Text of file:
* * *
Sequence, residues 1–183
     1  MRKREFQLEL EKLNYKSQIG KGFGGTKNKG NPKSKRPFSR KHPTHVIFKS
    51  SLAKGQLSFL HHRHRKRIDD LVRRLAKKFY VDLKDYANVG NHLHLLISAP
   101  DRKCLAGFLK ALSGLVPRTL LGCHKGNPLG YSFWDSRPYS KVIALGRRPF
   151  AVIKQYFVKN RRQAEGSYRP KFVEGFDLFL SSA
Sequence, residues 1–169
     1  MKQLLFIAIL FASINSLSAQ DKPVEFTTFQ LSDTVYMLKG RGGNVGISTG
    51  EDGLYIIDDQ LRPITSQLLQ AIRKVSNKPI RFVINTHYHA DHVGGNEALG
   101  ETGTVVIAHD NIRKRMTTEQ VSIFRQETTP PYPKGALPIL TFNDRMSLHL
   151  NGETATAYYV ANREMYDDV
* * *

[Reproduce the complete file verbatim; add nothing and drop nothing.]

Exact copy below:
Sequence, residues 1–183
     1  MRKREFQLEL EKLNYKSQIG KGFGGTKNKG NPKSKRPFSR KHPTHVIFKS
    51  SLAKGQLSFL HHRHRKRIDD LVRRLAKKFY VDLKDYANVG NHLHLLISAP
   101  DRKCLAGFLK ALSGLVPRTL LGCHKGNPLG YSFWDSRPYS KVIALGRRPF
   151  AVIKQYFVKN RRQAEGSYRP KFVEGFDLFL SSA
Sequence, residues 1–169
     1  MKQLLFIAIL FASINSLSAQ DKPVEFTTFQ LSDTVYMLKG RGGNVGISTG
    51  EDGLYIIDDQ LRPITSQLLQ AIRKVSNKPI RFVINTHYHA DHVGGNEALG
   101  ETGTVVIAHD NIRKRMTTEQ VSIFRQETTP PYPKGALPIL TFNDRMSLHL
   151  NGETATAYYV ANREMYDDV